Basketball always seemed to come before soccer in the offseason. She never could get enough of the court. She use to volunteer to score-keep at sixth-grade boy’s basketball games. One boy peed himself while taking a foul shot, luckily she avoided cleaning the mess.

But it wouldn’t be that easy.

Carmen’s soccer coach had instituted a new regulation that forbade players from missing practice for a commitment to another sport. Was she going to leave some of her best friends on the soccer team that she had grown up with to play a sport she had been playing for less time?

Heck yea.

“Carmen absolutely loved basketball,” Jimbo said. “When her soccer club team made it clear it was not acceptable to miss even one soccer practice due to a commitment to another sport, a line was drawn. Was Carmen going to miss a basketball game or a soccer practice? That was the last of her team soccer days, after the spring season of seventh grade.”

The decision to prioritize basketball above soccer was probably a harder decision for Carmen then choosing to come to Michigan. For a middle school student, being at odds with the same friends that you’ve done everything with since first grade, is thorny.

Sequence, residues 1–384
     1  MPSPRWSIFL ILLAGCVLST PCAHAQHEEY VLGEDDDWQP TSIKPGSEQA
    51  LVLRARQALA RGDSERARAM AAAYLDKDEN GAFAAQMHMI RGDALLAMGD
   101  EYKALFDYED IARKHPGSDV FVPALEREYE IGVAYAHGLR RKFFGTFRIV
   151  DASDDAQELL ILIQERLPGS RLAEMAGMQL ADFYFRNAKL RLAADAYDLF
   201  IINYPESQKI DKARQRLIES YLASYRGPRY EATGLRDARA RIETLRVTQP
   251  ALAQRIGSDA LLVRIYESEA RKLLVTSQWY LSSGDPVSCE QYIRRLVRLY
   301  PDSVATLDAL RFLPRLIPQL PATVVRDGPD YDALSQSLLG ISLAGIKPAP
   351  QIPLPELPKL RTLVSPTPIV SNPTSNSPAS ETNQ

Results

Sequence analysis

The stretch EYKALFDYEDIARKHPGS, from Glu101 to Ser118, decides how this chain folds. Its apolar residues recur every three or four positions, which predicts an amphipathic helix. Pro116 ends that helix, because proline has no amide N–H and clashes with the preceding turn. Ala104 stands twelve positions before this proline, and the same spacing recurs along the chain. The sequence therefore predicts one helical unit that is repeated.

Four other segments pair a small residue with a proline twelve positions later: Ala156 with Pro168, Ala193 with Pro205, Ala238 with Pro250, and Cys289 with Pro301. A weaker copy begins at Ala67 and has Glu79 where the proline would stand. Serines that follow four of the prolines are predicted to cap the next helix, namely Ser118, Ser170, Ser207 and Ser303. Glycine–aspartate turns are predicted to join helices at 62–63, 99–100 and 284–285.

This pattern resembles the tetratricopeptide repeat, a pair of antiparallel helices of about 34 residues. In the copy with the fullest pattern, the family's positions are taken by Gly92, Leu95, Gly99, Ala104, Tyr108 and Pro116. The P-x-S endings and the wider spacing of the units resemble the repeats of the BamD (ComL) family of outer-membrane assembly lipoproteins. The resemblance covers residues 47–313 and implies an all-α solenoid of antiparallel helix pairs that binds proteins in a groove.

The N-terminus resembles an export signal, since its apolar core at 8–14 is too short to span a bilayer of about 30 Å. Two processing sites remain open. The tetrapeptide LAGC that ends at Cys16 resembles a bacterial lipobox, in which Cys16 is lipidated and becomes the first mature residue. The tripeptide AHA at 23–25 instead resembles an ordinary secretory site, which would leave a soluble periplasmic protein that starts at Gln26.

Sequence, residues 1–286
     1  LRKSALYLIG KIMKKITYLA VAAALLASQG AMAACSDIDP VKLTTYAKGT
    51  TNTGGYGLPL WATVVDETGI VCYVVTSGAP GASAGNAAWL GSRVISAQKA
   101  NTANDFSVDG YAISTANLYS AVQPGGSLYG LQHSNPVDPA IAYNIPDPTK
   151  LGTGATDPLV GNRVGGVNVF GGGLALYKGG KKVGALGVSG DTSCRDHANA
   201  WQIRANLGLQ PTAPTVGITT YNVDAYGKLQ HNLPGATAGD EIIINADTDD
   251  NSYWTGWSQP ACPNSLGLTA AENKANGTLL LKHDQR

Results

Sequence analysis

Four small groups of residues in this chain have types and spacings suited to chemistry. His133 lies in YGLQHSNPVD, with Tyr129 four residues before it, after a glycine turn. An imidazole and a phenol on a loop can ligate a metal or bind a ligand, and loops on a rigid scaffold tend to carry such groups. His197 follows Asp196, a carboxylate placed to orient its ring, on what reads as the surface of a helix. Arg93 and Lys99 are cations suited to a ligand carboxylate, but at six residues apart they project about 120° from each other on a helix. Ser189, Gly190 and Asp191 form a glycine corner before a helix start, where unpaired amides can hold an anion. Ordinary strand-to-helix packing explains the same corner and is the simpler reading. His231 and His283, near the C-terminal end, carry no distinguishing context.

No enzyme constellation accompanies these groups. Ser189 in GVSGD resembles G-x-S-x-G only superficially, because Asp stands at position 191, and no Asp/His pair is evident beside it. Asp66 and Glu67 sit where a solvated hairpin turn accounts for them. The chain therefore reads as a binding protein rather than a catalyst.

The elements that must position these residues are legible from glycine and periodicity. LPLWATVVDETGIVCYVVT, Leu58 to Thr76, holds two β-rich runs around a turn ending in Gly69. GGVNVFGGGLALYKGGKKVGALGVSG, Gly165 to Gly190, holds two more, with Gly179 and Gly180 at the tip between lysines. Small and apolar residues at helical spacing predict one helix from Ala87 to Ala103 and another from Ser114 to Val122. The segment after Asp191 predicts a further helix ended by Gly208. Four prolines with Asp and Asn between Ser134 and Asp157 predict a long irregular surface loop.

The sudden transition made it difficult for Carmen.

“I feel that Carmen giving up soccer in seventh grade alienated her from some of her friends and that is a very hard situation to deal with as a young girl in middle school,” Jimbo said. “But I think Carmen grew immensely from the experience.

“It strengthened her character and revealed her inner independence,” Jimbo continued. “And her friendship with Caitlyn stood the test of time (and sport and college rivalry) because they have remained the best of friends.”

Net-to-net

In high school Carmen was able to take on another sport in the adjacent season. As a prospect for the six-foot club early on (in ninth grade), Carmen started playing volleyball.